Investors should be wary of Russian politics

By Bryan Borzykowski | August 28, 2008 | Last updated on August 28, 2008
2 min read

For years Russia has been a boon to energy-centric investors and emerging market nuts, but with the Kremlin’s increasingly belligerent attitude toward western investors, is it time to take the R out of BRIC?

“I would be very hesitant to adopt new positions in the Russian market,” says Bob Gorman, TD Waterhouse’s chief portfolio strategist. “The recognition of Georgia’s two breakaway regions — South Ossetia and Abkhazia — has given rise to concerns about tension with the west.”

It doesn’t help that the country’s stock market has been tanking of late, either. Since Russia’s investing landscape is so tied into energy, when oil prices dropped from $147 to $115, the markets went south as well. From July 1 to August 28, the Russian stock market has fallen 31% — a two-year low — while the U.S.-dollar-denominated index is down 30.2%.

Som Seif, CEO of Claymore Investments, which runs the Claymore BRIC ETF, has mixed feelings on Russia. He says the country has solid assets and it still has a lot of growth potential, but the political situation is a “long-term negative” play.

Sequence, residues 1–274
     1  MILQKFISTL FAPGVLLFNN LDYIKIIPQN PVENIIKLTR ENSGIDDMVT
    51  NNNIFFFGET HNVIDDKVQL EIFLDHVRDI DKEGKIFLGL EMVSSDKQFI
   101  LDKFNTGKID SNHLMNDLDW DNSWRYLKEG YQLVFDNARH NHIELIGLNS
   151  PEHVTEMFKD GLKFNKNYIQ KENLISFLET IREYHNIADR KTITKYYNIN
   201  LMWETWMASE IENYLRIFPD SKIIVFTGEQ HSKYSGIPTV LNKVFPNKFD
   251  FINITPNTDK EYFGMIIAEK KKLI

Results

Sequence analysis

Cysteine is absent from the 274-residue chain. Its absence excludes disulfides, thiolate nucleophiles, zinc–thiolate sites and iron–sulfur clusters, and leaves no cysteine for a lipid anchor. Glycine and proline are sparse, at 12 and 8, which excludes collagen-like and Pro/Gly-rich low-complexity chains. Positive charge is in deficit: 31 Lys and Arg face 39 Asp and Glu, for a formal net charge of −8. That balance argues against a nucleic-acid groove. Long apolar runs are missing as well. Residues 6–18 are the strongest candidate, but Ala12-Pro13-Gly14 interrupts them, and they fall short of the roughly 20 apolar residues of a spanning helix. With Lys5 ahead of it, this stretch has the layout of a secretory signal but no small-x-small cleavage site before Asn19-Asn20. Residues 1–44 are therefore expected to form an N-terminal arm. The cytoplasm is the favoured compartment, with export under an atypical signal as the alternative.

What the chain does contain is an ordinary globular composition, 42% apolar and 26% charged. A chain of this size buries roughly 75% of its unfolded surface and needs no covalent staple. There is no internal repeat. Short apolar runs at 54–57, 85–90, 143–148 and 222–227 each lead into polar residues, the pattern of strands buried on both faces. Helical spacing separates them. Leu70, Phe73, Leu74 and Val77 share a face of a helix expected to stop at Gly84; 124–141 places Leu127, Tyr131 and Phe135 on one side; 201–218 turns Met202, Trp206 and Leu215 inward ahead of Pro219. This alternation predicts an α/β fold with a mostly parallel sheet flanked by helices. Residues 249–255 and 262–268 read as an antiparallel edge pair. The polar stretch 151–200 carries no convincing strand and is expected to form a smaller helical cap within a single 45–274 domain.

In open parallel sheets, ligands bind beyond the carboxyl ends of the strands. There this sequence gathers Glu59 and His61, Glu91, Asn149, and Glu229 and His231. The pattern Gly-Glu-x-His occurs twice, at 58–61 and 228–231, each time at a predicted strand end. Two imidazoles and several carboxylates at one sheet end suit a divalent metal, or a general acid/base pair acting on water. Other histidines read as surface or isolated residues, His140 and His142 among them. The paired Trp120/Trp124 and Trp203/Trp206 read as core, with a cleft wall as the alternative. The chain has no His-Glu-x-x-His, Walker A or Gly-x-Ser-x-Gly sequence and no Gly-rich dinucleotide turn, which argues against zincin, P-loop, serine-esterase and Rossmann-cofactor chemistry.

“They’ve got great assets, but if the commodities take a turn, or if people start to get negative on the country, then things could backfire,” he says.

Russia only makes up 4% of Claymore’s BRIC ETF, which is partly due to the country’s political problems. Seif says his firm only invests in companies that are listed with the SEC or traded on the Global Depository Market. Because of Russia’s protectionist stance, many of its businesses aren’t looking for money outside its borders.

“Politicians are saying, ‘stay in Russia and raise capital here. You don’t need to rely on the U.S. or Europe’,” says Seif. “That’s affecting the number of companies we can invest in.”

Still, Seif is more positive on Russia’s fortunes than Gorman. “There are energy companies, materials, things like that,” he says. “There are very attractive assets there right now.”

While that may be true, shareholders should keep in mind that Russia’s never been particularity adept at investor relations. The government has taken over companies when they get too big and taxes businesses in a seemingly arbitrary way. “If you layer this on top of the political tension we’ve seen, it makes people much more leery about putting money there,” says Gorman, who doesn’t have any direct plays in Russia, though he might have some indirect investments through TD’s emerging markets portfolio.

What happens if energy prices rise and Russia’s stock market climbs? Would that balance out the poor political situation? Gorman doesn’t think so. “Valuations can get awfully compelling on paper but you want to ensure you get your return on capital,” he says. “If the price of oil goes up that would have a beneficial impact on the Russian market, but it would still be assigned a political risk discount.”

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Bryan Borzykowski